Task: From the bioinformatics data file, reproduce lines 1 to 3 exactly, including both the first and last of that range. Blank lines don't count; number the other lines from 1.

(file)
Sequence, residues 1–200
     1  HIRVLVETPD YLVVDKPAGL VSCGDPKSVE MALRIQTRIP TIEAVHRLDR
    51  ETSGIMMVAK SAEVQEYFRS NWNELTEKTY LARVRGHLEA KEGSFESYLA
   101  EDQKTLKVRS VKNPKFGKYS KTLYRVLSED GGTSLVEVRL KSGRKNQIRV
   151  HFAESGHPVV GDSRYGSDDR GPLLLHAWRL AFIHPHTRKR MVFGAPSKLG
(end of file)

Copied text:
Sequence, residues 1–200
     1  HIRVLVETPD YLVVDKPAGL VSCGDPKSVE MALRIQTRIP TIEAVHRLDR
    51  ETSGIMMVAK SAEVQEYFRS NWNELTEKTY LARVRGHLEA KEGSFESYLA